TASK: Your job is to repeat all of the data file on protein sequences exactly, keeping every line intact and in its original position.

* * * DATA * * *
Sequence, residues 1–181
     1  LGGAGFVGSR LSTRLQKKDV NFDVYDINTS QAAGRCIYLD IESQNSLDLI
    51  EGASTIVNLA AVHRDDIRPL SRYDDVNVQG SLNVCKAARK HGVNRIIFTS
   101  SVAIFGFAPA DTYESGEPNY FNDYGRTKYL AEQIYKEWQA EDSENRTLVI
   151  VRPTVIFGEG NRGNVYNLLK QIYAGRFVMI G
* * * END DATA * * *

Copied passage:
Sequence, residues 1–181
     1  LGGAGFVGSR LSTRLQKKDV NFDVYDINTS QAAGRCIYLD IESQNSLDLI
    51  EGASTIVNLA AVHRDDIRPL SRYDDVNVQG SLNVCKAARK HGVNRIIFTS
   101  SVAIFGFAPA DTYESGEPNY FNDYGRTKYL AEQIYKEWQA EDSENRTLVI
   151  VRPTVIFGEG NRGNVYNLLK QIYAGRFVMI G